Soteriological inerrancy accepts that the message of the Bible for us is true. And it recognizes that the Bible was written by and for a culture that is different than ours today. It does not reject the history and science of the Bible; but it calls on us to see it in a different light, a light that is hard for us today and takes a lot of work.


Ultimately the most important question we can ask concerning the Bible is the authority it will have in our lives. Regardless how we view inspiration and inerrancy, its authority in the life of the believer and its usefulness as a guide to spiritual truth is key. I might view the Bible as verbally inspired and inerrant, but if I do not accept its authority, it will have little value for me, apart from an intellectual journey. But if the Bible is authoritative, then just how it was inspired and its level of inerrancy is not important.


The Bible is a collection of writings produced by human authors who lived in a culture foreign to ours today, and written to that same culture. In many ways this makes the Bible challenging to understand. It was also not written to give us a systematic theology of God. Instead it contains historical narratives, laws to follow, corrective material, poetry, and apocalyptic writings. It requires effort for modern man to dig out the message of the Bible.

At the same time, the Bible is inspired by God, and is our authoritative source for faith and practice as believers. It contains what God wants us to have, including the parts that may make little sense to us today. While the context that the Bible was written in has changed, the content of the message has not. 2 Timothy 3:16-17 is just as true for 21st century American believers as it was for 1st century believers. “All Scripture is God-breathed and is useful for teaching, rebuking, correcting and training in righteousness, so that the servant of God may be thoroughly equipped for every good work.”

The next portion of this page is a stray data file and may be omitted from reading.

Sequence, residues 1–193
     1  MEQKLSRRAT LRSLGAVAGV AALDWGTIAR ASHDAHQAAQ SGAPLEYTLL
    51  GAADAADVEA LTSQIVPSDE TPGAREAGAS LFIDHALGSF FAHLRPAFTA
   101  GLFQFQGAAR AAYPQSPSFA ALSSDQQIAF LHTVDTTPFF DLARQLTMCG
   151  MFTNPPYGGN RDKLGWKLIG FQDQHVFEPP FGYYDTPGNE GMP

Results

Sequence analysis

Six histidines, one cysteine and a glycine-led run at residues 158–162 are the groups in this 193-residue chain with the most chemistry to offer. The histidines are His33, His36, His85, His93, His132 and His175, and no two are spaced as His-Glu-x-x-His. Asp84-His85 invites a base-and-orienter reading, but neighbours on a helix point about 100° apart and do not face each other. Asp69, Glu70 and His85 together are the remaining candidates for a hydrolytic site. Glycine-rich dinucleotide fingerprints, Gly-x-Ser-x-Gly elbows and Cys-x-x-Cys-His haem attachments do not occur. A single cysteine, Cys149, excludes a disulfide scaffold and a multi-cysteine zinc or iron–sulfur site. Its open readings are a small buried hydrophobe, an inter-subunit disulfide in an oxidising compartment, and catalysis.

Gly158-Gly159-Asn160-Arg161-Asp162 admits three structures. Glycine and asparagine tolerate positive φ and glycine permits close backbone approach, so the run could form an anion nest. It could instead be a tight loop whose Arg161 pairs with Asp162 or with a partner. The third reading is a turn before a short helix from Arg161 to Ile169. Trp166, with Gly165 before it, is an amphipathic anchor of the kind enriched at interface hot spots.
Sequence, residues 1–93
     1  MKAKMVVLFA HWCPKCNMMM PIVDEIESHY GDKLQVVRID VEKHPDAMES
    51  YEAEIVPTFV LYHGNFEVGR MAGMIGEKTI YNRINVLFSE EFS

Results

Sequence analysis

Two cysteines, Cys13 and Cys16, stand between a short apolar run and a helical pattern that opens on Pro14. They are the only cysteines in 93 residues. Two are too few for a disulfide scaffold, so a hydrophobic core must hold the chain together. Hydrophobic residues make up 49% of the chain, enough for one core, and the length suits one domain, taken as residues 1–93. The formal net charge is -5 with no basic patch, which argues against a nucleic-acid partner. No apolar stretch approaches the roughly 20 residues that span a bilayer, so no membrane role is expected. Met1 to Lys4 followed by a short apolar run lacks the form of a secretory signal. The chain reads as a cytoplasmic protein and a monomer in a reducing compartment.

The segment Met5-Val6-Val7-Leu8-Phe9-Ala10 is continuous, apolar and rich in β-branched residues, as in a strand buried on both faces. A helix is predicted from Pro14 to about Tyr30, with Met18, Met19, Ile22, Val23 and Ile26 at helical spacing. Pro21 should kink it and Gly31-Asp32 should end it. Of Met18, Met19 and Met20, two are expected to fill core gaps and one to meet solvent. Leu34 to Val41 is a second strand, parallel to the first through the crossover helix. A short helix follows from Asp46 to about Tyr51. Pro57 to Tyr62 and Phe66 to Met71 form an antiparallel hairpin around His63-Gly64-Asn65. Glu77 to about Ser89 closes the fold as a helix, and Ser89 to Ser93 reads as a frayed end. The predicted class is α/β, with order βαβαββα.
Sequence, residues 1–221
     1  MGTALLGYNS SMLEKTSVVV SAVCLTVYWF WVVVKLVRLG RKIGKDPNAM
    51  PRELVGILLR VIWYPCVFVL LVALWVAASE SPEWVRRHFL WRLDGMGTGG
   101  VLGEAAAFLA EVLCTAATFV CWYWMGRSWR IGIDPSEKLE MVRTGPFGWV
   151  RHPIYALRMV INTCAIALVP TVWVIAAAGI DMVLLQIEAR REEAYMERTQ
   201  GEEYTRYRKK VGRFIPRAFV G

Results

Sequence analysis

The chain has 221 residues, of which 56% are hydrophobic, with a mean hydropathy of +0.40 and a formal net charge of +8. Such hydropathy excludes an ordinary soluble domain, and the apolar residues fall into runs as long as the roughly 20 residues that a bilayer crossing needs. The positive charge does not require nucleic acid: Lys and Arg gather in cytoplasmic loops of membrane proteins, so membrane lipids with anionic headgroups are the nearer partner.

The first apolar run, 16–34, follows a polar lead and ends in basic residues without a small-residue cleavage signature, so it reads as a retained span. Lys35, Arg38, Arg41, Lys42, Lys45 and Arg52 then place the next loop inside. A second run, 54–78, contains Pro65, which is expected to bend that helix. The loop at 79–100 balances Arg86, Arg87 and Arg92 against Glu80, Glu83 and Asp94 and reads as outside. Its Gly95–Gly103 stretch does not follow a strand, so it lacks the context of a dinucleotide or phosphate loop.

If the Bible is God’s revelation of himself to humanity, how come it is so often confusing and not more straightforward? Why does he not just tell us who he his, his purpose in creation, the significance of Jesus incarnation and atonement, and how the church should operate? I have no doubt that he could have produced that kind of a book. But he did not. Instead we have a collection of writings that theologians have debated and argued over for as long as we have had them. Could it be that he intentionally gave us something that would require some effort on our part to understand, and with that effort, helping us to grow in our faith? After all, the more we put into it, the more we are likely to derive from it.

The remainder of the posts in this series will assume that the Bible is an authoritative guide to knowing God, his purpose, humanity and our condition, and living as believers. This is an unprovable assumption, but one that has been proven true in the lives of untold numbers of people, including my own. I also will be assuming dynamic inspiration and soteriological inerrancy.